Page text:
1 The Ministry of Social and Family Development (MSF) will be proposing amendments to the Women’s Charter (WC) to improve the marriage process for couples and incorporate therapeutic justice into divorce proceedings.1
2 MSF has conducted wide and extensive engagements. We interviewed over 1,200 individuals to obtain feedback to improve the marriage process as we developed “Our Marriage Journey” (the Registry of Marriage (ROM) system) and incorporated relevant aspects into the proposed WC amendments. We engaged more than 150 divorcees, and Social Service practitioners working with couples and families facing divorce from September 2020 to April 2021. We put out a consultation paper on divorce for public feedback from 3 May to 3 June 2021 and received over 250 written responses. MSF also engaged more than 200 stakeholders including family law practitioners, academics and religious leaders from August to October 2021 in regard to both marriage and divorce aspects of the proposed amendments.
3 We thank all those we have consulted and the public for their feedback. It has helped to shape our proposed amendments which are detailed below.
Area 1: Enhancing Marriage Processes
Shifting our marriage processes online
4 As part of the Government’s wider effort to promote and support the overall digital transformation of Singapore, and to enhance convenience of the marriage process, couples will be able to complete all pre-solemnization steps online. As a safeguard, the Registrar will have the discretion to require couples to perform any pre-solemnization steps in-person if and when required. Marriage certificates will be digital, and couples will receive a ceremonial marriage certificate for keepsake. To strengthen marriages in Singapore, the online system will provide information and resources on marriage preparation and explain the significance of marriage solemnization.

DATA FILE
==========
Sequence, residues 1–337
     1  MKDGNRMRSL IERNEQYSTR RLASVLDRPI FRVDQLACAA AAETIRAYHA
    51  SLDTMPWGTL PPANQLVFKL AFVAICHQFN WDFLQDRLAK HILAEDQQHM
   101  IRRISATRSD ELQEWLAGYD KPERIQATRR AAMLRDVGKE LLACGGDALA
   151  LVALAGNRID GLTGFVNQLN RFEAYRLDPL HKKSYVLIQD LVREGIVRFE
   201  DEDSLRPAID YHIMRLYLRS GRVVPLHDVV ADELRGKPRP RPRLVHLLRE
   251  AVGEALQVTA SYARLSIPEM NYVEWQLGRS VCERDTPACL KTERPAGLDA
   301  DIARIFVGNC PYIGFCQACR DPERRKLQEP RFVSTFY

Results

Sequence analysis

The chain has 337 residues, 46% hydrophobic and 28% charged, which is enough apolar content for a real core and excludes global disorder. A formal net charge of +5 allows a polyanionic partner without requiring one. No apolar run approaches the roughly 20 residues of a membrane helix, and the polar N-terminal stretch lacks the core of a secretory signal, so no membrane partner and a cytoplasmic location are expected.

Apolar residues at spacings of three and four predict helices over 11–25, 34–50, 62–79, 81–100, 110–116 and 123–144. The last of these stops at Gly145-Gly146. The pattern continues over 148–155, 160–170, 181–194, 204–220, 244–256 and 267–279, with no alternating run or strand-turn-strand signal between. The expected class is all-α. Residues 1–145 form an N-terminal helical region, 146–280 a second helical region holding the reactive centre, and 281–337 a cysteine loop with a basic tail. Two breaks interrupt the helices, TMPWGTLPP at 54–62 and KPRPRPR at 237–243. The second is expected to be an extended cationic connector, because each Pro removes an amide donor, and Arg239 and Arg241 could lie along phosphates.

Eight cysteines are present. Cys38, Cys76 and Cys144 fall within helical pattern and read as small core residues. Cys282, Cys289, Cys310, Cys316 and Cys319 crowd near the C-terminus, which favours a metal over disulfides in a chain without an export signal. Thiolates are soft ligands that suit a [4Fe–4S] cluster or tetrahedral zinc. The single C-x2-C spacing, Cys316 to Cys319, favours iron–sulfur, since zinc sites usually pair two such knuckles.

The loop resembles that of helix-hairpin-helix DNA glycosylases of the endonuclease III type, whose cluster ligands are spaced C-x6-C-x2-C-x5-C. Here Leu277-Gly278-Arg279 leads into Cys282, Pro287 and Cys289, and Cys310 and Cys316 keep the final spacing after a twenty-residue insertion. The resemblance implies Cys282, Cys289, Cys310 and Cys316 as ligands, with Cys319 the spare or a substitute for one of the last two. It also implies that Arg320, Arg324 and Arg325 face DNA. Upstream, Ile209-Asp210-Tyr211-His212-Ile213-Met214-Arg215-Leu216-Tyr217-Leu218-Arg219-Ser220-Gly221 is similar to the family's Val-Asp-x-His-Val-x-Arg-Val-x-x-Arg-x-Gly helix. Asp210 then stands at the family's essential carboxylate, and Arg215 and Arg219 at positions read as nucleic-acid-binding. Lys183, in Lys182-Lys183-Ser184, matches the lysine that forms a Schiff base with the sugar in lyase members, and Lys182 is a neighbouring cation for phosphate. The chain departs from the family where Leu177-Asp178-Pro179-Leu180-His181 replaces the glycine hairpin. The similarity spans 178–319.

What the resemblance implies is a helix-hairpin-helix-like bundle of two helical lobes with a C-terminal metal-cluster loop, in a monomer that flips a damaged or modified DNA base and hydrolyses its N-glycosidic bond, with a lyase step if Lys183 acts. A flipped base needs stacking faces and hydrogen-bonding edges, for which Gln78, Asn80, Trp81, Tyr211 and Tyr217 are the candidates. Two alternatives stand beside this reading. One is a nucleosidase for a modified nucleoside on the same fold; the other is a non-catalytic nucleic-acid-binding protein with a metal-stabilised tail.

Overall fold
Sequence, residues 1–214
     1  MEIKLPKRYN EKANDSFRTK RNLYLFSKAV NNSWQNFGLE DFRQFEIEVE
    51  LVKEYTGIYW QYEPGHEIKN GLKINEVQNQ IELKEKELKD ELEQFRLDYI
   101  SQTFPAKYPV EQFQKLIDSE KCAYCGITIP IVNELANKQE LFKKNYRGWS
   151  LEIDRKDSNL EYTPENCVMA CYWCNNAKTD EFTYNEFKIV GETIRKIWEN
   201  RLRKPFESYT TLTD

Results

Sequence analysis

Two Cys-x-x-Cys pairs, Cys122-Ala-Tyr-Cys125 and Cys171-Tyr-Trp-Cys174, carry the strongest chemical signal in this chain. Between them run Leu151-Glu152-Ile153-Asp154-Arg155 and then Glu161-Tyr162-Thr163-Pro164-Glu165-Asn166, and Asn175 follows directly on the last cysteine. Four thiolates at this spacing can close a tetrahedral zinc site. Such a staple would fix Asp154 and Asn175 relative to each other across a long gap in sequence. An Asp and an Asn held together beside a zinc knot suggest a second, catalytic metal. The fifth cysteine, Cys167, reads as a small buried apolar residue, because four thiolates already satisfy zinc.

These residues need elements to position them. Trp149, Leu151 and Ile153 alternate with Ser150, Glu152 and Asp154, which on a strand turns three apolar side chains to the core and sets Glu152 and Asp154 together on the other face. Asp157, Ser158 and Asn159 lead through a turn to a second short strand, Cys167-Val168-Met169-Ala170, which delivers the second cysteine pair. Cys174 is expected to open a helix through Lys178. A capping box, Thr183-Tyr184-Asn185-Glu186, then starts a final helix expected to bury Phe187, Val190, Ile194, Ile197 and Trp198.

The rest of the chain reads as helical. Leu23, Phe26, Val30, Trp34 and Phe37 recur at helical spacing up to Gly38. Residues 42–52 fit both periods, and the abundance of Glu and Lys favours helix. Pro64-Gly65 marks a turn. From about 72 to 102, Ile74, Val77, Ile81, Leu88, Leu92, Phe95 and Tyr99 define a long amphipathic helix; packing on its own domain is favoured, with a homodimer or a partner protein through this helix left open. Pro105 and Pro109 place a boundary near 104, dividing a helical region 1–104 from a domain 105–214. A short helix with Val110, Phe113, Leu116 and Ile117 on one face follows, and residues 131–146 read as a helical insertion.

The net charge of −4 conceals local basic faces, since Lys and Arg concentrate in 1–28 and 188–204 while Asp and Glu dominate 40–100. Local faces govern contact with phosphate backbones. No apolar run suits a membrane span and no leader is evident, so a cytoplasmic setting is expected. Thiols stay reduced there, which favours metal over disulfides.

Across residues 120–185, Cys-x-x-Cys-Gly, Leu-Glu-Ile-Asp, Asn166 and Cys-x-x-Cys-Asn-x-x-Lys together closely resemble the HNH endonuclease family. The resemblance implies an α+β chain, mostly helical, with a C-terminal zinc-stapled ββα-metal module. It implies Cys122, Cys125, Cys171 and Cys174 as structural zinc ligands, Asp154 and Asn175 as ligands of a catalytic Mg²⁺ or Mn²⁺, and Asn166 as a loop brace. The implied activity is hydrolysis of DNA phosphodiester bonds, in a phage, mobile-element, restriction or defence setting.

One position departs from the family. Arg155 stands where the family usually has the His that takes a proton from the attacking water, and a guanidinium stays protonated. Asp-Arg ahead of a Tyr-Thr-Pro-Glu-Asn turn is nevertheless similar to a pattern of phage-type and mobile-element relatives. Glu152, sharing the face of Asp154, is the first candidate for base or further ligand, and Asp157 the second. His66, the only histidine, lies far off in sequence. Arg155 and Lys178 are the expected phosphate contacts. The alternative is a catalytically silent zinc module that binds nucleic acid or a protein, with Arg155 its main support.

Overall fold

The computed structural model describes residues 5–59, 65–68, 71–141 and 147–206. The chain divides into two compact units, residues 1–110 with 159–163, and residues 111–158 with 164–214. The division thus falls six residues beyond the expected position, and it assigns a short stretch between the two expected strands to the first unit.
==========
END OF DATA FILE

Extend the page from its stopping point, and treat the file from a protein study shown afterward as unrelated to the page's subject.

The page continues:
Providing video-link solemnizations as a permanent option
5 The amendments will allow solemnizations of marriages via video-link for couples where at least one is a Singapore Citizen or Permanent Resident, as a permanent option. Solemnization via video-link was introduced in May 2020 under the COVID-19 (Temporary Measures for Solemnizations and Registrations of Marriages) Act.
Allow cancellation of Notice of Marriage
6 Under current law, a notice of marriage will lapse after 3 months, with no provision for cancellation of a notice of marriage. However, there may be cases where a notice may need to be cancelled (e.g. during the COVID-19 pandemic when couples could not proceed with the marriage). The proposed WC amendment will give discretion to the Registrar to allow a party to apply to cancel the notice of marriage if there are good grounds.
Religious ceremonies to be allowed before, during or after solemnization
7 The proposed amendment will allow couples to have more flexibility in planning for their religious ceremonies and solemnization, by allowing such ceremonies to take place before, during or after solemnization.
Strengthening safeguards in our marriage processes
8 The following amendments will strengthen safeguards in our marriage processes and prevent abuse:
a. To prevent misuse of the marriage certificate, the WC amendments will restrict the persons who can obtain a copy of or an extract from the State Marriage Register.
b. The WC amendments will accord Licensed Solemnizers protection from personal liability, if they had acted in good faith and with reasonable care.
Area 2: Incorporating Therapeutic Justice into Divorce processes
Introducing divorce by mutual agreement of Irretrievable breakdown of the marriage DMA)
9 Under the WC, the sole reason for divorce to be granted is the “irretrievable breakdown of the marriage”. This has to be proved by one or more of the following 5 facts:
b. Unreasonable behaviour
d. Separation of 3 years with consent
e. Separation of 4 years without consent
10 There has been strong feedback from divorcees that having to cite one of the fault-based facts (i.e. adultery, unreasonable behaviour, and desertion) can cause parties to point fingers at each other and dredge up the past to prove the facts, and citing one of the separation facts causes them to have to put their lives on hold for the next 3-4 years, which can be detrimental to the emotional well-being of the children as well as the parties.
11 The proposed WC amendment will introduce a sixth fact of “Divorce by Mutual Agreement of the irretrievable breakdown of the marriage” (DMA), that parties may cite if they mutually agree on the divorce. Under this fact, parties’ submissions to the court will have to include information on the reasons for the marital breakdown, efforts made to reconcile, and considerations of their children and financial affairs. The court may then order further mediation, counselling, or programmes, and must reject the parties’ agreement, if reconciliation is a reasonable possibility.